Blog posts are the personal views of Letty Hardi and not official statements or records on behalf of the Falls Church City Council
We are in the busy season now – a long work session this week and the first of two votes on the budget is scheduled for Monday. For those who are new to budget season in Falls Church – we take two votes on the budget. The first vote is to advertise the tax rates and public hearing dates. Those advertised rates represent the ceiling – after that, budget deliberations can make the budget smaller and tax rates lower, but cannot go above what we advertised unless we take another first reading vote. There are still over 3 weeks before the final/second vote on the budget – check out more opportunities to engage on the budget and share your thoughts with us. On Monday, you can make public comment either live in person in City Hall or virtually or send us an email in advance.
Aside from the budget, we also continued working on T zones (transitional zones) and how to encourage smaller-scale, infill development and “missing middle” housing, such as condos, which haven’t been built in the city in 15 years. Read on to learn more.
I’ll be taking a blogging break next week due to spring break, but stay informed on my Facebook page for shorter updates.
PS – ICYMI – news at the Virginia Tech grad center (partially city owned land, but located in the county) about a corporate headquarters and smart construction research center. This is an exciting development for the broader vision on the western gateway for the city. As more details become public, I’ll share.
What Happened This Week:
(1) FY23 Budget
This week’s work session focused on the CIP (Capital Improvements Program) which represents the big investments in the city that cost over $150K and have a useful life of 5+ years. You can view the entire CIP here and the presentation we received, but here are a few of my takeaways:
- The past few years, the CIP was dominated by new and/or renovations of city buildings – Meridian High School, Library, City Hall and just before that, expansions at Mt Daniel and Oak Street Elementary. Nearly every city building has been built/renovated in the past 10 years. Now, the current CIP is much smaller, but still has 26 active projects in the current year and 65 projects in the 6 year outlook.
- From the dashboard of the active projects and dollars being invested, you can see that transportation projects and utility projects are the biggest components in the CIP. Note that while city facilities and schools are now smaller slices of the CIP budget, we’re still paying off the debt from those recently completed projects, as they are funded with 20 to 30 year bonds. The good news is we’re coming off the peak of super high debt service in our budget, due to the large debt we took on for the big projects.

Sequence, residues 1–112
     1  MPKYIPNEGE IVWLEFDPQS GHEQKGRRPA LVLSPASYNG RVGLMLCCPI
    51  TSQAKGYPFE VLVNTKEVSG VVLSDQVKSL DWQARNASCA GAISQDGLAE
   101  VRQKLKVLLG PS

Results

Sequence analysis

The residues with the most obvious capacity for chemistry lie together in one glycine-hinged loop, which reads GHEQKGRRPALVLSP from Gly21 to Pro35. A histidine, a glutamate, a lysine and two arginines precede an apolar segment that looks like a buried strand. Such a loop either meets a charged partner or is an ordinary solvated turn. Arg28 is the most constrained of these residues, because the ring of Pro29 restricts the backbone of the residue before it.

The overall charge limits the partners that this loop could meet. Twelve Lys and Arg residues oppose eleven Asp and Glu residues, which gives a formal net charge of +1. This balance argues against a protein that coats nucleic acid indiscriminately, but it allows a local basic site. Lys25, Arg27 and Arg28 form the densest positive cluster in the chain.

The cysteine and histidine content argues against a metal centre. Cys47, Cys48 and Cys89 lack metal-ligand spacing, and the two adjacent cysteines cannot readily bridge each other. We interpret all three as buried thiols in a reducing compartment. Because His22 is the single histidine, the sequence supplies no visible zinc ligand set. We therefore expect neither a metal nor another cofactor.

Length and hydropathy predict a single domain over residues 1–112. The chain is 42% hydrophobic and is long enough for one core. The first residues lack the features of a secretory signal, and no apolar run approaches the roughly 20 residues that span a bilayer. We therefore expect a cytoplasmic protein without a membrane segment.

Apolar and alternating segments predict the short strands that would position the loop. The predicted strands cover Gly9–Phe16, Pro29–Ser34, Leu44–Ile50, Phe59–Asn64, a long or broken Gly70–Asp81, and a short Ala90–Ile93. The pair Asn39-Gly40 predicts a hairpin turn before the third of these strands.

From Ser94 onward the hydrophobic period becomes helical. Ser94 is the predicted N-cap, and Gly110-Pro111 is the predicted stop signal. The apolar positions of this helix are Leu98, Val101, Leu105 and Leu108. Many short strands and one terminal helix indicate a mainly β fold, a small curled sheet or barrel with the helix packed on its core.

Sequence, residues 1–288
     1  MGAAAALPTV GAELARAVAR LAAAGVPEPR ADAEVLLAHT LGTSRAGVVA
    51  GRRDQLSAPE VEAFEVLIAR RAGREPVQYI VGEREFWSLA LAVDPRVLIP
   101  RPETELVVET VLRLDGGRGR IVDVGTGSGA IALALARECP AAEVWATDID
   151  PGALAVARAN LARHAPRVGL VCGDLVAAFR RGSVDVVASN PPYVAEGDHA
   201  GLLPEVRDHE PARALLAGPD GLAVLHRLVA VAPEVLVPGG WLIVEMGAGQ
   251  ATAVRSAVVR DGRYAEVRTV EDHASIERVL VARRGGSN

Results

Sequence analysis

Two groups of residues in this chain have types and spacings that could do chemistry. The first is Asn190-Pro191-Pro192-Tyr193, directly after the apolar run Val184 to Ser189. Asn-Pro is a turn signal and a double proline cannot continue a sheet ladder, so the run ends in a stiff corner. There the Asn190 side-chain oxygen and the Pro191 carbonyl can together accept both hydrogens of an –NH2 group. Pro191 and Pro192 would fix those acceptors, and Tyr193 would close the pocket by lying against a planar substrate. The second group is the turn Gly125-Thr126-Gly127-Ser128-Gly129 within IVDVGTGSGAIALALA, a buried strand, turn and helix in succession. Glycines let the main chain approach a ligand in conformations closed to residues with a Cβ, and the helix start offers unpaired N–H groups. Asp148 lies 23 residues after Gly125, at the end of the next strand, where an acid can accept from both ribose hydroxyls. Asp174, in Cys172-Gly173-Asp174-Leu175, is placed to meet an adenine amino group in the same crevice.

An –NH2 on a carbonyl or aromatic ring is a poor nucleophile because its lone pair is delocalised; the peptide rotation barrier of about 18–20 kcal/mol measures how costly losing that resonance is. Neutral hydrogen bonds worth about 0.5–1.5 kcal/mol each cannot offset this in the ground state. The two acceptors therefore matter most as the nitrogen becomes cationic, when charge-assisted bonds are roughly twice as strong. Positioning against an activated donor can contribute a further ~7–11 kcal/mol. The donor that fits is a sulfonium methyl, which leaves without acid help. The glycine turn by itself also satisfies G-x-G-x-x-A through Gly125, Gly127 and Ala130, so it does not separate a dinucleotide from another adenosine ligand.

- Finally, much of the stormwater and transportation projects are state or federal grant-funded, which means we’re able to accomplish more with a much smaller local budget impact. The tradeoff is that grant funds are more cumbersome to administer and may result in longer timelines.
If you missed last week’s budget town hall, the video is available. In addition, initial presentations of the budget are also posted. More public meetings on the budget are below.
You can also read my overview and my initial thoughts on the FY23 budget I posted in last week’s post.
(2) T Zones / Transitional Zones
We held our fourth work session discussion on how to facilitate smaller-scale, infill development in the city via Transitional Zones, or T zones – this time to review draft zoning text changes. The existing T-1 and T-2 zoning districts are located between mixed-use development and low-density residential development (like the “Goldilocks” of zoning – not too big, not too small). T zones represent about total ~30 acres of land, or less than 3% of the total land area in the City. Most are relatively small and require consolidation for redevelopment. T zones are also primarily located in N. Washington and Park Ave, many with several long term uses – such as various churches and Kaiser – so available parcels that would be redeveloped are likely limited.
We reviewed draft zoning language for allowed uses, height limits, setbacks and stepbacks requirements, building coverage limits – those limits would result in a “gentle density” kind of development smaller than buildings located in our commercial areas and transition into residential areas. We also discussed whether projects in T zones could be done “by right” or by a City Council approval process, similar to much bigger mixed use projects and if the adjustments to T zones would be done on a pilot basis.
What’s Coming Up:
Monday, April 11, 2022 – City Council Meeting (budget first reading vote)*
Monday, April 18, 2022 – City Council Work Session*
Thursday, April 21, 2022 (7 pm) – Budget Town Hall #2
Monday, April 25, 2022 – City Council Meeting*
Monday, May 2, 2022 – City Council Meeting (budget adoption)*
*every Monday (except 5th Mondays and holidays) at 7:30 pm. You can access the agenda and livestream here, including recordings of past meetings